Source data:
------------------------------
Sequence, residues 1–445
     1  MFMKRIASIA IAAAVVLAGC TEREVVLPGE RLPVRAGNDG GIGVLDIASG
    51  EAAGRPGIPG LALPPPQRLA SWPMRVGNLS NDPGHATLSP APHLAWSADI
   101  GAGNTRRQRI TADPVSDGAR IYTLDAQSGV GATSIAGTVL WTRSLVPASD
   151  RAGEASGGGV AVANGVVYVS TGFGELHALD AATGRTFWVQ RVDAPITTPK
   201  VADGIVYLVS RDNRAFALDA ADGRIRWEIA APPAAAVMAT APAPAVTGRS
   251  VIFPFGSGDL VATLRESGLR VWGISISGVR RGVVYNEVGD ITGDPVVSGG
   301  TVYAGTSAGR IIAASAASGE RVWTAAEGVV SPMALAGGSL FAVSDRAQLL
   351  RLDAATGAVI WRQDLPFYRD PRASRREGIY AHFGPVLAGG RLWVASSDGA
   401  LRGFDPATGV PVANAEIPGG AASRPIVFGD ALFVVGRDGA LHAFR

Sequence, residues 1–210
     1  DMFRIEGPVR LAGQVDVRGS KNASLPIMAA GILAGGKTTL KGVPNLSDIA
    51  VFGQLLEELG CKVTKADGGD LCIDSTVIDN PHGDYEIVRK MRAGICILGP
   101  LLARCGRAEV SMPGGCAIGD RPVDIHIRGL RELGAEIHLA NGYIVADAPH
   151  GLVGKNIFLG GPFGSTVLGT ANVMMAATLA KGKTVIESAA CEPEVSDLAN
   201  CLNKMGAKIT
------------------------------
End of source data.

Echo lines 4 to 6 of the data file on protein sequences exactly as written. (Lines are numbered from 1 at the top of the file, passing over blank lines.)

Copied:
   101  GAGNTRRQRI TADPVSDGAR IYTLDAQSGV GATSIAGTVL WTRSLVPASD
   151  RAGEASGGGV AVANGVVYVS TGFGELHALD AATGRTFWVQ RVDAPITTPK
   201  VADGIVYLVS RDNRAFALDA ADGRIRWEIA APPAAAVMAT APAPAVTGRS